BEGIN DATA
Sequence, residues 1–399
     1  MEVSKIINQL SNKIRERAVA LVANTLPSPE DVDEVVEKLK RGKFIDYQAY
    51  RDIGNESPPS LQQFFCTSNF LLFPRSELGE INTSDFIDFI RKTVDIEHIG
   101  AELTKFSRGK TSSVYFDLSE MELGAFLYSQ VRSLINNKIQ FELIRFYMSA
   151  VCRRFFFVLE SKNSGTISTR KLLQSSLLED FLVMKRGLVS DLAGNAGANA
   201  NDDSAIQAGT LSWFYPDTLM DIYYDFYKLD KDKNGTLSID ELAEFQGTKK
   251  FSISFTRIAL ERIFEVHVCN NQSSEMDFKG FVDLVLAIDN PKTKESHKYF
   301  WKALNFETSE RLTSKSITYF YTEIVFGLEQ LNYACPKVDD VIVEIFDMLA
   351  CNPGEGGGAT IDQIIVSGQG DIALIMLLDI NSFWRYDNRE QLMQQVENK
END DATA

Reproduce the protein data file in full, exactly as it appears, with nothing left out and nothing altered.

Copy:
Sequence, residues 1–399
     1  MEVSKIINQL SNKIRERAVA LVANTLPSPE DVDEVVEKLK RGKFIDYQAY
    51  RDIGNESPPS LQQFFCTSNF LLFPRSELGE INTSDFIDFI RKTVDIEHIG
   101  AELTKFSRGK TSSVYFDLSE MELGAFLYSQ VRSLINNKIQ FELIRFYMSA
   151  VCRRFFFVLE SKNSGTISTR KLLQSSLLED FLVMKRGLVS DLAGNAGANA
   201  NDDSAIQAGT LSWFYPDTLM DIYYDFYKLD KDKNGTLSID ELAEFQGTKK
   251  FSISFTRIAL ERIFEVHVCN NQSSEMDFKG FVDLVLAIDN PKTKESHKYF
   301  WKALNFETSE RLTSKSITYF YTEIVFGLEQ LNYACPKVDD VIVEIFDMLA
   351  CNPGEGGGAT IDQIIVSGQG DIALIMLLDI NSFWRYDNRE QLMQQVENK